40,                                   // Initialization/settling time before startup.
  20,                                   // Polling frequency (in milliseconds)
  0x42, 6,                              // Poll address and number of bytes
  fmtAccel,                             // Data format
};

static const TSimpleI2CConfigData nHiTechnicCompass =
{
  2,                                    // Initialize messsage size
  {                                     // Initialize messsage size and 'message'
    0x02,                               // I2C Addresss
    0x41,                               // Internal address
    0x00,                               // Function =>
  },
  40,                                   // Initialization/settling time before startup.
  15,                                   // Polling frequency (in milliseconds)
  0x44, 2,                              // Poll address and number of bytes
  fmtTwoBytes,                          // Data format
};


Sun Dec 21, 2008 12:21 pm
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Post Re: Sensor polling interval and other background tasks
Thanks Dick, that sheds some light on some of the internals of RobotC.

Could you tell me what the I2C connection speed is for these sensors? Normal, Faster or Fastest?

Regards,
Xander

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Sun Dec 21, 2008 1:29 pm
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Post Re: Sensor polling interval and other background tasks
Right now these are all the "fastest" I2C messaging speed. With the current firmware and my sample of one sensor of each type, they all work fine with this speed. However, I have unconfirmed reports that this is not always the case. So far, it has always turned out to be a problem of using very old firmware.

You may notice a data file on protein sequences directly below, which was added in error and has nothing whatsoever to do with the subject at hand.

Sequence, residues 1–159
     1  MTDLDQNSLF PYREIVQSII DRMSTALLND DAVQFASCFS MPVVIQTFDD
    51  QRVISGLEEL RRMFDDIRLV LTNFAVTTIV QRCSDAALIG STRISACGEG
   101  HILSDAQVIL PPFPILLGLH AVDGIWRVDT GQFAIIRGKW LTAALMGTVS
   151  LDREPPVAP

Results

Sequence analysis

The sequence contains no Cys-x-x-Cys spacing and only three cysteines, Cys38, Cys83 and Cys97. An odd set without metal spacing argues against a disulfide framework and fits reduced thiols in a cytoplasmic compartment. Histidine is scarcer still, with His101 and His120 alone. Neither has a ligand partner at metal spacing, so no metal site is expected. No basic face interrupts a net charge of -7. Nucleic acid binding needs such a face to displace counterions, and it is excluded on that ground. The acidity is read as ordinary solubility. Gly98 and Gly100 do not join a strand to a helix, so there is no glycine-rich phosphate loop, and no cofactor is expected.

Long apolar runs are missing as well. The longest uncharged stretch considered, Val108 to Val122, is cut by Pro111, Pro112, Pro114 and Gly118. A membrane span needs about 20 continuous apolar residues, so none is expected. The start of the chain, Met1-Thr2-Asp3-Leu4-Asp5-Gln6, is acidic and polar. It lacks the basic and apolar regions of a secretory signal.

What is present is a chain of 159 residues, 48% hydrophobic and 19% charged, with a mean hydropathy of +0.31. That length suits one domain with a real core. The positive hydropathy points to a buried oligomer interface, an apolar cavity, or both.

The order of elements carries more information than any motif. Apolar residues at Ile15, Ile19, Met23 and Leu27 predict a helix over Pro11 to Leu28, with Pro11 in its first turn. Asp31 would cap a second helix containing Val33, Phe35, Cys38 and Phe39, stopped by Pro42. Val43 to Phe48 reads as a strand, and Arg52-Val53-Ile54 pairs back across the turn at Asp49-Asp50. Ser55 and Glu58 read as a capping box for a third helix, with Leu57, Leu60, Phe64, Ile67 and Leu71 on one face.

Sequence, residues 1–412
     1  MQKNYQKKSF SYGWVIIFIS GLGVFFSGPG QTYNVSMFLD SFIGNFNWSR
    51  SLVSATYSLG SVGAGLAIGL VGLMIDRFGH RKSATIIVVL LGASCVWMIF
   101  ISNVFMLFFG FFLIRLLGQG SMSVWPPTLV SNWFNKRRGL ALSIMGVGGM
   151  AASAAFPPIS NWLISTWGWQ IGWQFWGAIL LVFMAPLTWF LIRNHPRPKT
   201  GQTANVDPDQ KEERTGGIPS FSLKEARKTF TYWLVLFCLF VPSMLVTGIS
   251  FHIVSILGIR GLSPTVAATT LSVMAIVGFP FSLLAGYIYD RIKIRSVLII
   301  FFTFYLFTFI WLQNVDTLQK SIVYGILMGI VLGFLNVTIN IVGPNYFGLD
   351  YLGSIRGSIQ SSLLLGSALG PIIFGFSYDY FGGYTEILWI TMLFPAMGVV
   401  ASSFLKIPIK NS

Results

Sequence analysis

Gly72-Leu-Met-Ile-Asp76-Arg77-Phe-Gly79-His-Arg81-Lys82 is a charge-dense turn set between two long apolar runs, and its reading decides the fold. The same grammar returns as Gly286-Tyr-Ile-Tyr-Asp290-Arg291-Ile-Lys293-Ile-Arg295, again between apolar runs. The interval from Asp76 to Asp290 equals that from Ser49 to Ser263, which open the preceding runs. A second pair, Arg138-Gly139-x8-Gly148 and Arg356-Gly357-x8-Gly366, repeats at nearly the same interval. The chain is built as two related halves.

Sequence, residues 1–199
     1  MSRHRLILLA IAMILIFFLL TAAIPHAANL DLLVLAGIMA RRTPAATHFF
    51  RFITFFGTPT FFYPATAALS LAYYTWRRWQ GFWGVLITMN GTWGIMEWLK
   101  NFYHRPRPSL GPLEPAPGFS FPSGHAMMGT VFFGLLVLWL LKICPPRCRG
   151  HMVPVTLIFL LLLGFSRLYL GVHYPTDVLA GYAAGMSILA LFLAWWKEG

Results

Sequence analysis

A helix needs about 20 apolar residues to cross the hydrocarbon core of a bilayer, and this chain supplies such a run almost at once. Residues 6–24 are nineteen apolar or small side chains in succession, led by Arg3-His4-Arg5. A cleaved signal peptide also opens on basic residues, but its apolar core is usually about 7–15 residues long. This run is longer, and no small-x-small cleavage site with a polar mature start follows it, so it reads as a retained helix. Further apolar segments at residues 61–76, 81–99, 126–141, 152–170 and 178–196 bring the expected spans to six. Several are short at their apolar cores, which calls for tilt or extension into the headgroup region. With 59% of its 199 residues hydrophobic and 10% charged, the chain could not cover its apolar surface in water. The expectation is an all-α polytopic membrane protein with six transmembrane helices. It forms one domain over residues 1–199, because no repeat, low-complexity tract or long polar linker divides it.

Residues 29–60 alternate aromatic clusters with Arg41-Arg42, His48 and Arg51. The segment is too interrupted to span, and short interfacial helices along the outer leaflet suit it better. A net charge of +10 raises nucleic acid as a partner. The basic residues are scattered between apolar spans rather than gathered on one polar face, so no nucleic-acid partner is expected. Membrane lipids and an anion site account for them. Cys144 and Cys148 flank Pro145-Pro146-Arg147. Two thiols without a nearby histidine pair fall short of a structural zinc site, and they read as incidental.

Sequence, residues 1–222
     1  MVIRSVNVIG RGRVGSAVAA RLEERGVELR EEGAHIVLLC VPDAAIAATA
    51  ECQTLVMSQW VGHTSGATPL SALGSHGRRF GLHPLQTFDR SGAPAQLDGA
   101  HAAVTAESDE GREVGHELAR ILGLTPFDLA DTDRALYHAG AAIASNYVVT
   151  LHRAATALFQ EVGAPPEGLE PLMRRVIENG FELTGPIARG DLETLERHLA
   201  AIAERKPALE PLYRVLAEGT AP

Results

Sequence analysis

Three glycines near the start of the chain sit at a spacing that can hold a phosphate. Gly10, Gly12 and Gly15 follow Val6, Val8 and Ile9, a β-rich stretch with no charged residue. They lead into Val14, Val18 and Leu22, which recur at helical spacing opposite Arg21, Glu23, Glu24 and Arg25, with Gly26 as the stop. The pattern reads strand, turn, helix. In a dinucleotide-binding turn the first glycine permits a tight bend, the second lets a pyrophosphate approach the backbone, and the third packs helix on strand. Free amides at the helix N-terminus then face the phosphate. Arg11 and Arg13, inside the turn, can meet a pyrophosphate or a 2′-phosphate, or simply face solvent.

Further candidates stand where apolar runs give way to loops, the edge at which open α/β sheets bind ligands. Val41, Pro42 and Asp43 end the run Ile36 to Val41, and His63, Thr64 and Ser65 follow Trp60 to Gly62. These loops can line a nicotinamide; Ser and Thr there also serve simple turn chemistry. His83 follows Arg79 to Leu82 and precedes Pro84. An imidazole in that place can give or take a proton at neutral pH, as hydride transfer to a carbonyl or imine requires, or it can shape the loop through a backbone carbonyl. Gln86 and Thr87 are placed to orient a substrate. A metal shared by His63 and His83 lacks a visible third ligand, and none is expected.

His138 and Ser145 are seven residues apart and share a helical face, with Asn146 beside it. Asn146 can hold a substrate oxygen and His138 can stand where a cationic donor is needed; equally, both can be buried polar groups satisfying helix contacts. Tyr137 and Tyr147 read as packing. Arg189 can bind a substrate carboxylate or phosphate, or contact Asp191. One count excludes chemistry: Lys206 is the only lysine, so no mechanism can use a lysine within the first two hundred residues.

However, in any case, I plan to add a new field to allow which firmware speed to use. And to make the table more customizable, even by end users so that it can be easily expanded to support easily add additions for more third party sensors.


Sun Dec 21, 2008 2:00 pm
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Post Re: Sensor polling interval and other background tasks
Dick,

Is there a specific reason why those sensors are read at the Fastest speed? Neither Lego nor HiTechnic guarantee their sensors to run at that speed.

Regards,
Xander

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Sun Dec 21, 2008 2:38 pm
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Post Re: Sensor polling interval and other background tasks
mightor wrote:
Is there a specific reason why those sensors are read at the Fastest speed? Neither Lego nor HiTechnic guarantee their sensors to run at that speed.
Xander

The LEGO sonar sensor, AFIAK, is the only sensor that has an internal firmware bit-banged I2C implementation. All 3rd party devices that I have encountered have I2C hardware support and can/should operate at much higher speeds. I misopke in my earlier post as the LEGO sonar sensor firmware driver operates at a slower speed.